"Waste leaching from frack disposal wells are the likely source of a spike in endocrine-disrupting compounds in downstream waterway—a troubling sign given the roughly 36,000 disposal sites across the U.S."
"Researchers found high levels of endocrine disruption activity in the water near or downstream from the wastewater site in Fayetteville, West Virginia. The study, published today in the journal Science of the Total Environment, adds to evidence that some chemicals in hydraulic fracturing waste are hormone-mimickers or blockers and are leaching out of wastewater disposal wells and into nearby water, potentially impacting fish and human health.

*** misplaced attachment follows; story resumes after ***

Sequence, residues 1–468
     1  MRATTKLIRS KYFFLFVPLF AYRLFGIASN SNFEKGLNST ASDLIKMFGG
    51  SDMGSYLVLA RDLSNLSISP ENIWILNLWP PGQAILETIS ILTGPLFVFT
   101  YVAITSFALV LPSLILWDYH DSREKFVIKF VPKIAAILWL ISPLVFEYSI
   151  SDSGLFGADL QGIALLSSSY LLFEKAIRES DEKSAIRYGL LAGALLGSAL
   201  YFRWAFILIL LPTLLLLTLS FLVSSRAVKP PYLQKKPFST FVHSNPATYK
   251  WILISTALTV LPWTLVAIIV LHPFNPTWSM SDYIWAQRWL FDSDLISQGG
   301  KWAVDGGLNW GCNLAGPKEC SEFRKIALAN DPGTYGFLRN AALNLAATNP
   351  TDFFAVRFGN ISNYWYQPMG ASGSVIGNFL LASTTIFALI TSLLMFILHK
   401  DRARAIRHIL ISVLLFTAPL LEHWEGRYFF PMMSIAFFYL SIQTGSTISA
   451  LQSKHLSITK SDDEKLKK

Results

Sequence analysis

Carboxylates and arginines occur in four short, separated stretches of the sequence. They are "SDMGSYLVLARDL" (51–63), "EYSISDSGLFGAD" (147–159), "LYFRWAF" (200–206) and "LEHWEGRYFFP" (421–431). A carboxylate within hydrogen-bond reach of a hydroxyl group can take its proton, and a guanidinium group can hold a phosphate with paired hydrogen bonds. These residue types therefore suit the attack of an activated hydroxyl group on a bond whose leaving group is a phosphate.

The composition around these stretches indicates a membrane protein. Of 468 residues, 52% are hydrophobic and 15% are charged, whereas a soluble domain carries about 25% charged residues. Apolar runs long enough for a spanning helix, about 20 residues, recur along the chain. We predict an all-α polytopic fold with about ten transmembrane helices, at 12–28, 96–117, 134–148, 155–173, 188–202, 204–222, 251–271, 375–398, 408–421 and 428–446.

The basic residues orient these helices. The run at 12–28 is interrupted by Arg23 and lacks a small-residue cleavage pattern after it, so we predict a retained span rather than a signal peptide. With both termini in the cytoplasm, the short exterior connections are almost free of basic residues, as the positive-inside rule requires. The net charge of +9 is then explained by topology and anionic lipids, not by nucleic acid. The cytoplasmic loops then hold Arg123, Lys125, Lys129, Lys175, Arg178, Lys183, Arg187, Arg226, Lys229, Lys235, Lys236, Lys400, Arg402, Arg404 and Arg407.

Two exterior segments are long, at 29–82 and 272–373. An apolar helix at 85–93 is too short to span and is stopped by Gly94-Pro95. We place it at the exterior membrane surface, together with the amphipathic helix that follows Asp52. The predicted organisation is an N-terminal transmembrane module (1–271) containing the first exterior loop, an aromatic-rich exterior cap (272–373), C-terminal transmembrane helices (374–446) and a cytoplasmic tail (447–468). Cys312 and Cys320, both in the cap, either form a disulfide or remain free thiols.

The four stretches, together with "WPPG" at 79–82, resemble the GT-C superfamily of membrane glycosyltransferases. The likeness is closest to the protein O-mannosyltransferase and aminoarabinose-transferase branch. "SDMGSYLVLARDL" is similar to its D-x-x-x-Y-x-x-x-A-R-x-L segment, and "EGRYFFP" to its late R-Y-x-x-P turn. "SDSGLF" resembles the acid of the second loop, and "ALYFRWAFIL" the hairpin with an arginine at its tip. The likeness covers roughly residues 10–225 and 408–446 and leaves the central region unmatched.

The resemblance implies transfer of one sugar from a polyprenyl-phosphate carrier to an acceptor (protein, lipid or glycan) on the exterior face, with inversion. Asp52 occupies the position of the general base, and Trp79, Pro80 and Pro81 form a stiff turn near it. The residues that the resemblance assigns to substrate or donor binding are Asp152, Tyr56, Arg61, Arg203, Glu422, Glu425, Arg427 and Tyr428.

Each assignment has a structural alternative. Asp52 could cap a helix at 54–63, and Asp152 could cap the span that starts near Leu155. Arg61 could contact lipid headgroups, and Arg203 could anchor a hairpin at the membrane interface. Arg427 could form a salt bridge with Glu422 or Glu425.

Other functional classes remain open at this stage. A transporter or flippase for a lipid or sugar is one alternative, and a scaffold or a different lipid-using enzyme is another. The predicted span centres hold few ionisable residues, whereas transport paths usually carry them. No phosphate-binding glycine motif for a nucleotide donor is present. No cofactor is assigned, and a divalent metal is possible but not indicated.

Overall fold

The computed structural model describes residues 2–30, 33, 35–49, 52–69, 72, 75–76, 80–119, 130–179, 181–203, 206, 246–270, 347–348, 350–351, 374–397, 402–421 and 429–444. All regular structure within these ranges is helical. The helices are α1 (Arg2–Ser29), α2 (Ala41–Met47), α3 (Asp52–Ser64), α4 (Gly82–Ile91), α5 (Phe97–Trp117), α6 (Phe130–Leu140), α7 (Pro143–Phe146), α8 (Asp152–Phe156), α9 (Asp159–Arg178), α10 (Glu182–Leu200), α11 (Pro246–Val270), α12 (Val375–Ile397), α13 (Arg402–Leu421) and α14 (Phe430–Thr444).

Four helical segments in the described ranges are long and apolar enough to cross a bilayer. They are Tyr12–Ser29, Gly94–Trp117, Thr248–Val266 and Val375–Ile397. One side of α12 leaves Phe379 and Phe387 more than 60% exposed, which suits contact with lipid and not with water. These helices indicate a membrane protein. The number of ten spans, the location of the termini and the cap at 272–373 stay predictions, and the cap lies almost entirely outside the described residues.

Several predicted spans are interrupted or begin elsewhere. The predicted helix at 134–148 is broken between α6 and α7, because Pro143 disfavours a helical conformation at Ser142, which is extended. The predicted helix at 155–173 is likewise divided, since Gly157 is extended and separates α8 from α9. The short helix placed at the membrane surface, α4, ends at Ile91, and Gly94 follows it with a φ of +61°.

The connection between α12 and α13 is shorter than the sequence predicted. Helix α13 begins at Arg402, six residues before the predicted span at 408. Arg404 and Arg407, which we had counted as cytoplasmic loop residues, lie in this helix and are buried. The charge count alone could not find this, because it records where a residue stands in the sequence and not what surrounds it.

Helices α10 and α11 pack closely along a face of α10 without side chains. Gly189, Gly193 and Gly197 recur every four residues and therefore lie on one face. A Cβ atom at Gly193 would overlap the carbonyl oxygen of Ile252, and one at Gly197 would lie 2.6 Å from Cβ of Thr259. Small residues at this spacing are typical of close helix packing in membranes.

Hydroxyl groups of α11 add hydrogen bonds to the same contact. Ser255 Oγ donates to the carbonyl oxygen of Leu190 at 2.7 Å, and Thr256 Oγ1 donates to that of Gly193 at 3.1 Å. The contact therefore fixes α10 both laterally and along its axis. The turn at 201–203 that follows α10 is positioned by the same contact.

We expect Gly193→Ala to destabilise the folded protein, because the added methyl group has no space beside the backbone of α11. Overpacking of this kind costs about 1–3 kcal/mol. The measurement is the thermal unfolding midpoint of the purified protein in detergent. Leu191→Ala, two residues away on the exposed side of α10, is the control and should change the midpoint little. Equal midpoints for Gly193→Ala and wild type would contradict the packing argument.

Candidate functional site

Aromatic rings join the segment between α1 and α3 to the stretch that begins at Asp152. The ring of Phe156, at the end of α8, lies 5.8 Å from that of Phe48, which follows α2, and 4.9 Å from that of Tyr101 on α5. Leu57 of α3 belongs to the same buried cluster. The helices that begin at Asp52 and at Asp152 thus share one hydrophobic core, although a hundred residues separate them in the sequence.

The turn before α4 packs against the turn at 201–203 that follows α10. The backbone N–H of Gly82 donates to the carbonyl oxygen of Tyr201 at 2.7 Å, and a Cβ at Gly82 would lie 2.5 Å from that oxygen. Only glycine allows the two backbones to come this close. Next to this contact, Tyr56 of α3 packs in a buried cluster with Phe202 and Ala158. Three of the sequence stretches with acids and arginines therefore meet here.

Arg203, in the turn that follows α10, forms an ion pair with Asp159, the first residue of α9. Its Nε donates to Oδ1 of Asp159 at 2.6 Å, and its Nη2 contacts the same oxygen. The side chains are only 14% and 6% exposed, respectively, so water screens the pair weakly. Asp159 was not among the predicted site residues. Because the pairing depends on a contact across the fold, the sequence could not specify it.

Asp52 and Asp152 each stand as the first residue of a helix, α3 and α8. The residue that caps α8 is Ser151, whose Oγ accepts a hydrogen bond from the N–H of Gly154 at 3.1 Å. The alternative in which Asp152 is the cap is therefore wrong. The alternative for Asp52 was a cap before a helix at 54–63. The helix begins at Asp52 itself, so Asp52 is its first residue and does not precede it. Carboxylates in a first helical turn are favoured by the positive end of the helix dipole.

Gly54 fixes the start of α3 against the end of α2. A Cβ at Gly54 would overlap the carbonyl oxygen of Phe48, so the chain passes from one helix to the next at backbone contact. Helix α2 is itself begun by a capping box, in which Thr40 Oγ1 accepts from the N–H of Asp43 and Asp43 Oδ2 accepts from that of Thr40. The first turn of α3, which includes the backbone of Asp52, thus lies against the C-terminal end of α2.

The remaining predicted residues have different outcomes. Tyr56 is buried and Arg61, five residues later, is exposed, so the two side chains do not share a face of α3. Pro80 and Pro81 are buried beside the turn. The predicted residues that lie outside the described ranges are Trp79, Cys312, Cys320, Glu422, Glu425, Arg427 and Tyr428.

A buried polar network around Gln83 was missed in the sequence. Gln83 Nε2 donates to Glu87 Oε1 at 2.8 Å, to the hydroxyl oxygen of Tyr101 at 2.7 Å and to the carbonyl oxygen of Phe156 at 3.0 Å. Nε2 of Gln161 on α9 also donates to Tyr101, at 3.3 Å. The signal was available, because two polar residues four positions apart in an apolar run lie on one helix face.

Fracking, or hydraulic fracturing, is a process that uses horizontal drilling and high volume fluid injections to release oil and gas. Along with water, the injections contain sand and a mix of chemicals—some of which have been linked to cancer, hormone impacts, and reproductive problems. It’s estimated that every well produces more than one million gallons of wastewater, which is eventually pumped into disposal wells.
There are an estimated 36,000 fracking disposal sites in the U.S. and little testing has been done on nearby surface water, said lead author Christopher Kassotis, a postdoctoral fellow at Duke University."